7. Corey Crawford, Chicago Blackhawks: The most recent Stanley Cup-winning goalie has had a lukewarm start to the season. He has been overworked with appearances in all 21 of Chicago's games, but has a paltry .904 save percentage. You also have to wonder how that heavy workload would wear on Crawford before he even gets to the Olympics. It's something to consider. As an invitee to Canada's camp and with a Stanley Cup title under his belt, he's an obvious candidate, but it's hard to see him making the team at this point.
8. Jonathan Bernier, Toronto Maple Leafs: The offseason acquisition has done well in Toronto while splitting time with James Reimer. With the Maple Leafs getting routinely outshot, he has had to be strong in net. His .935 save percentage and 2.19 goals-against average are rather impressive. Bernier also has some solid international experience and spent the first half of last season playing in Germany, which is helpful. Though a career backup before this year, Bernier would have been a starter for most teams, but is he national team material? His performance suggests yes, but it is a somewhat limited body of work.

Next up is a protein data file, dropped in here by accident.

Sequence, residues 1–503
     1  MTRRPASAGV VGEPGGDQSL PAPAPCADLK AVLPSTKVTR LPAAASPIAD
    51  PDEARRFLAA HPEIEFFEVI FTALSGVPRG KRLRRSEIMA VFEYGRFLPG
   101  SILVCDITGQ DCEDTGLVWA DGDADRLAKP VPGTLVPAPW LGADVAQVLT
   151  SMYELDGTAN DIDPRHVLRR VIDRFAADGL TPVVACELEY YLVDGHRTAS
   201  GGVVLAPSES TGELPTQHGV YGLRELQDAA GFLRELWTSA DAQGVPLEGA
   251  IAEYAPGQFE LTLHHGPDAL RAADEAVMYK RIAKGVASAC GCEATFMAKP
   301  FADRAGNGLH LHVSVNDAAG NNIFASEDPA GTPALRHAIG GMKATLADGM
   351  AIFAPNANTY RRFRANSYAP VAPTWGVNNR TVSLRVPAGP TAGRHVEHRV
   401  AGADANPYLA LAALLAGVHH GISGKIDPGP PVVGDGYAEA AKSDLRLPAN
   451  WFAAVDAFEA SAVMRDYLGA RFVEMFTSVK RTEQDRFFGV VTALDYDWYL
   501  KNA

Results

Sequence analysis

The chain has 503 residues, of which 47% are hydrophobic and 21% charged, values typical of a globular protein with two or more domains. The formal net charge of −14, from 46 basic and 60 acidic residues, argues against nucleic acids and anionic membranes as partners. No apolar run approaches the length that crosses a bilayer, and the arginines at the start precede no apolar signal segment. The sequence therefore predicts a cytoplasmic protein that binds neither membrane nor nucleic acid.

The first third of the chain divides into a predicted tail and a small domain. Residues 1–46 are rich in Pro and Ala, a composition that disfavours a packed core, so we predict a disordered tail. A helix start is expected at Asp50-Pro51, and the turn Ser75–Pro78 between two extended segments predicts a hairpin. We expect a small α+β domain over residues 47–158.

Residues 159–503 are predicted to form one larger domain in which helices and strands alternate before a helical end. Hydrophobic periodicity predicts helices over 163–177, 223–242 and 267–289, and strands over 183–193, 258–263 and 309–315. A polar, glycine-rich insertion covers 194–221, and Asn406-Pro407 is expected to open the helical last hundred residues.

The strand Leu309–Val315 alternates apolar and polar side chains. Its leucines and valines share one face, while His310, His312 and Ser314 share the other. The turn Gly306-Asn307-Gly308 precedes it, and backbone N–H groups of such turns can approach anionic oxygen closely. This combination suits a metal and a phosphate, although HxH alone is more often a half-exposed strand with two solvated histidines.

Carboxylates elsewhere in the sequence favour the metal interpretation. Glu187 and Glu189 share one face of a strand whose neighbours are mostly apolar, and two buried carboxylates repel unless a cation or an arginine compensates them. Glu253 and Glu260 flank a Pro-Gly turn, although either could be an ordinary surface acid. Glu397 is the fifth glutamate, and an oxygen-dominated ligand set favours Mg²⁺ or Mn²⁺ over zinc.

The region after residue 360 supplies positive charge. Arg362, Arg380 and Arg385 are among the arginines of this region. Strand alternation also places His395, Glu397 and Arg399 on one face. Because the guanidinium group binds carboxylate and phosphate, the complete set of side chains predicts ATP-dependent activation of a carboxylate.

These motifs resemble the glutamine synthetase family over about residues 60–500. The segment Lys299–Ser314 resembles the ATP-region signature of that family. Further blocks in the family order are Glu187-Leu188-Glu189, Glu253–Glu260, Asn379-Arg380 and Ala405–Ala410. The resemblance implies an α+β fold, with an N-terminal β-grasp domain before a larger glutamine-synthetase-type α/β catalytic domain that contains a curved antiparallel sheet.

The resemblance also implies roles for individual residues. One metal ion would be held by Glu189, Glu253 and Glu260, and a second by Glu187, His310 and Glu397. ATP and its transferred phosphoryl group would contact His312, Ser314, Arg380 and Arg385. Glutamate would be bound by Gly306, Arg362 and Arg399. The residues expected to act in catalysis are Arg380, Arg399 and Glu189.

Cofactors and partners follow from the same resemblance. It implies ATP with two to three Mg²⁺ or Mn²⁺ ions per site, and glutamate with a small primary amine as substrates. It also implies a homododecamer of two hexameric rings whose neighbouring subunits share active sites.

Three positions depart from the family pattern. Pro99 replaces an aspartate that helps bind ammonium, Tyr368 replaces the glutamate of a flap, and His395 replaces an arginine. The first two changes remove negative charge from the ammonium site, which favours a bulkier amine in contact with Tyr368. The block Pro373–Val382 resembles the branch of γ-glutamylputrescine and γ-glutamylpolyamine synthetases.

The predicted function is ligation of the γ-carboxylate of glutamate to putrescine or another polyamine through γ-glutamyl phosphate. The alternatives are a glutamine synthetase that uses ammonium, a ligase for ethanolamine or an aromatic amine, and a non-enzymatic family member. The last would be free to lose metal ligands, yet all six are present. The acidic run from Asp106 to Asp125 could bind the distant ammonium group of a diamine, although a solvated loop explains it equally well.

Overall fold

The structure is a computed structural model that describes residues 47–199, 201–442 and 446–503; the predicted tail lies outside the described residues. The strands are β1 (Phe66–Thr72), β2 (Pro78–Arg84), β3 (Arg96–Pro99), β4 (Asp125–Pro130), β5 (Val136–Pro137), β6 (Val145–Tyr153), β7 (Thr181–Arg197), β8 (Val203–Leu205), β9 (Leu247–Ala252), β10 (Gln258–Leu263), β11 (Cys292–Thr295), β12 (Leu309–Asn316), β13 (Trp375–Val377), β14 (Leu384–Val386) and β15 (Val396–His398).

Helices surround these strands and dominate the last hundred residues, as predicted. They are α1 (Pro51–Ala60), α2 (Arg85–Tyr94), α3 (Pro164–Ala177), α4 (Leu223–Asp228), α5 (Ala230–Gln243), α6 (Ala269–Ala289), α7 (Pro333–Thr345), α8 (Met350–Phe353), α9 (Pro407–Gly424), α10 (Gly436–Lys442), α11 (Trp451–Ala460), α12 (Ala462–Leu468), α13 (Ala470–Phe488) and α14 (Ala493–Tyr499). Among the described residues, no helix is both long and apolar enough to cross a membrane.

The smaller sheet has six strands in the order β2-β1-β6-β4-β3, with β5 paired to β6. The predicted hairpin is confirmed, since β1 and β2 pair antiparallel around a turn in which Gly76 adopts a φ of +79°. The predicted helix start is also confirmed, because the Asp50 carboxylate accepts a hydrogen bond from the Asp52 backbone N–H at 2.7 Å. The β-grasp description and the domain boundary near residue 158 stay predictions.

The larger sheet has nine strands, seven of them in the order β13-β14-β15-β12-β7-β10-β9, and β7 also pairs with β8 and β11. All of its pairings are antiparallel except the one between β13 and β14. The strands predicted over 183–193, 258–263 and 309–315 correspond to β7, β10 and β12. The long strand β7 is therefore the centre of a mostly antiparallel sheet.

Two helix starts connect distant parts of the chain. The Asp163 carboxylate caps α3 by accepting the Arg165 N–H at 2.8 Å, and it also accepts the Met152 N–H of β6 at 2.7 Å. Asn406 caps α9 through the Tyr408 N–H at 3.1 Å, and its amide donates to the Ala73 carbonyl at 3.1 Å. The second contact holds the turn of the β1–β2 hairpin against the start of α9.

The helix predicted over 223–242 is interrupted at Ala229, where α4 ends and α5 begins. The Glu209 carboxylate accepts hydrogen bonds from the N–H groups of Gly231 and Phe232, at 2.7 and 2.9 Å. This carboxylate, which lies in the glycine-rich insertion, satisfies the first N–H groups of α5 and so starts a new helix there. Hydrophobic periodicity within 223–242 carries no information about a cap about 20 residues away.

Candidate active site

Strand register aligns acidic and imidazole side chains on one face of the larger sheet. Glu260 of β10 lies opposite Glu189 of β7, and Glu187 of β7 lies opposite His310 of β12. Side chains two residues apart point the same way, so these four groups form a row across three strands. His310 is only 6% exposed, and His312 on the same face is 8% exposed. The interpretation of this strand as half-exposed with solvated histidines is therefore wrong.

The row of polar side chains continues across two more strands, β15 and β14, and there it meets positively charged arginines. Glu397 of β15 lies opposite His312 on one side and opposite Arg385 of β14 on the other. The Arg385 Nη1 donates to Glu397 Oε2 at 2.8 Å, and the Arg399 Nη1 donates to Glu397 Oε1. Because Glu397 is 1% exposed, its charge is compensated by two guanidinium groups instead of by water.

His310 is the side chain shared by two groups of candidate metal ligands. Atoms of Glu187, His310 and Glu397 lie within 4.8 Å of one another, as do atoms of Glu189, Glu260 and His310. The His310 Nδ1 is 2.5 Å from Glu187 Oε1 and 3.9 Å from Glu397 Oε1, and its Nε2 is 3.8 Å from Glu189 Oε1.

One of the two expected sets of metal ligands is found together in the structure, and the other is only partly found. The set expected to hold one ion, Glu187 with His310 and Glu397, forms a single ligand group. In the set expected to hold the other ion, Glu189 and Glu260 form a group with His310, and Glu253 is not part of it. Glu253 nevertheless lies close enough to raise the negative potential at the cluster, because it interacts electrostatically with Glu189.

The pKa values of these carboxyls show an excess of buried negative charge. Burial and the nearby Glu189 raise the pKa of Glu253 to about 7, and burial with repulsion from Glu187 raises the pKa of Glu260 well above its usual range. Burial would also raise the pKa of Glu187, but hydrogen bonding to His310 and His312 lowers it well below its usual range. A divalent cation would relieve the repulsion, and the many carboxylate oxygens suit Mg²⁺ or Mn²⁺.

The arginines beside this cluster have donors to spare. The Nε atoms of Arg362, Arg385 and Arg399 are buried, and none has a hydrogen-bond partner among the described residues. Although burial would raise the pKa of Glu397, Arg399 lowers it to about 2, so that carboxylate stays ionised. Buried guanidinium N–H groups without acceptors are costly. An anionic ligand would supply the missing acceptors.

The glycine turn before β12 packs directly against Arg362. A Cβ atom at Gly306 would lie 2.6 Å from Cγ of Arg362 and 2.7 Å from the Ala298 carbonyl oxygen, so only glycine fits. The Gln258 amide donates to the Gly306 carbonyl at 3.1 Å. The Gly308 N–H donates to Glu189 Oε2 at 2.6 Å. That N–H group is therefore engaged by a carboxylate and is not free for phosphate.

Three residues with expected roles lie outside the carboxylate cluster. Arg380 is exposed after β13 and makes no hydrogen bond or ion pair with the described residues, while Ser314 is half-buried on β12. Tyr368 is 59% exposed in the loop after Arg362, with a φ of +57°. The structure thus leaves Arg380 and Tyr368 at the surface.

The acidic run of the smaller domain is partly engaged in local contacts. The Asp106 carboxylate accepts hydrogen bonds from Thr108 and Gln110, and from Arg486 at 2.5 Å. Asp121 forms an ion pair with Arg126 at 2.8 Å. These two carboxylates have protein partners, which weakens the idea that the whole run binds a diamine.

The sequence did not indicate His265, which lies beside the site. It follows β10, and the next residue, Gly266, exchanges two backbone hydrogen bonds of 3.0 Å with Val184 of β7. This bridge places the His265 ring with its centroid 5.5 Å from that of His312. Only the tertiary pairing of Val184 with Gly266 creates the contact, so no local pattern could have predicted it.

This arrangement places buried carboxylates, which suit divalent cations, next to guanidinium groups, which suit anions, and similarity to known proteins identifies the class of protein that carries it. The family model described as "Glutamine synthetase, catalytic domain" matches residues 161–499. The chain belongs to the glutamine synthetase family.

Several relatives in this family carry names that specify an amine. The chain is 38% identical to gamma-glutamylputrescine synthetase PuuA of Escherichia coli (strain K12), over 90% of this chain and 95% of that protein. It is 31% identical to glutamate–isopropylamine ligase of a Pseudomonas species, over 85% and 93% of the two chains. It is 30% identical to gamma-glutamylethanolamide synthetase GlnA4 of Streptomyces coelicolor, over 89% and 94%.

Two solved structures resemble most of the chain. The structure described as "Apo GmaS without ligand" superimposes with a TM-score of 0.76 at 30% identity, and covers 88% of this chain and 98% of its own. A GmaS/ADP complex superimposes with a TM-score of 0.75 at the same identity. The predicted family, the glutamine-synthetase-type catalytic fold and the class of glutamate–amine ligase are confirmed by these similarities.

9. Steve Mason, Philadelphia Flyers: The way Mason has played this year has to get him at least on the radar. When looking at his entire body of work, however, it's certainly concerning. You really can't take much away from how Mason has played. He has kept the struggling Flyers in a lot of games they probably otherwise shouldn't have been. As a result, Mason has collected a .932 save percentage and 2.12 goals-against average to make that 6-7-2 record look a lot less important. Mason last played for Canada at the 2008 World Juniors, where he backstopped the team to a gold medal.
10. Josh Harding, Minnesota Wild: You can't take anything away from what Harding has done this season. He certainly has the best numbers of any of the Canadian goaltending candidates, but he is a career backup. As good as he has been, it's tough to know how he would handle the Olympics. If he made the team, he probably wouldn't play, but it's hard to leave off players with more experience as a No. 1.
11. James Reimer, Toronto Maple Leafs: Things are going pretty well in net for the Leafs this year, eh? A .942 save percentage and 2.27 goals-against average look nice and Reimer was in that pressure-cooker series with the Bruins last year. He has some recent international experience, too. That said, Reimer has been used like the No. 2 on the Maple Leafs and it's hard to see him overtaking any of the clear starters.